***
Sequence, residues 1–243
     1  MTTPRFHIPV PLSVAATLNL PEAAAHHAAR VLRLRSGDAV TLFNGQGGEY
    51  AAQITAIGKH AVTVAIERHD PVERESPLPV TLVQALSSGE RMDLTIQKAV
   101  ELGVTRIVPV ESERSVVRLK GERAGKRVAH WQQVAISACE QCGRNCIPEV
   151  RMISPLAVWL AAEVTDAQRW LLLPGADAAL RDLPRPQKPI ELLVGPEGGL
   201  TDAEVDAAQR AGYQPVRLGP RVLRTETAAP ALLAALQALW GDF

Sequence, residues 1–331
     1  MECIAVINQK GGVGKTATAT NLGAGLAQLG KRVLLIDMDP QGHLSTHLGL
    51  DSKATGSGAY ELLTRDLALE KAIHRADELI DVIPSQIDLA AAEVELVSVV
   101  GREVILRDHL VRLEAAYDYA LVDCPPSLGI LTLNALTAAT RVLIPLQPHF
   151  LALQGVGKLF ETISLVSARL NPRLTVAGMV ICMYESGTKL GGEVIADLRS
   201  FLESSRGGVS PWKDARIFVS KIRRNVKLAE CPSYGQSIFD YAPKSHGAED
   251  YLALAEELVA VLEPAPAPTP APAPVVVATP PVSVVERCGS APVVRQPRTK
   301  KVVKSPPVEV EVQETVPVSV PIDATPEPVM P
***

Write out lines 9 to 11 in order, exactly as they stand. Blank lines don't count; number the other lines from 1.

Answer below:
    51  DSKATGSGAY ELLTRDLALE KAIHRADELI DVIPSQIDLA AAEVELVSVV
   101  GREVILRDHL VRLEAAYDYA LVDCPPSLGI LTLNALTAAT RVLIPLQPHF
   151  LALQGVGKLF ETISLVSARL NPRLTVAGMV ICMYESGTKL GGEVIADLRS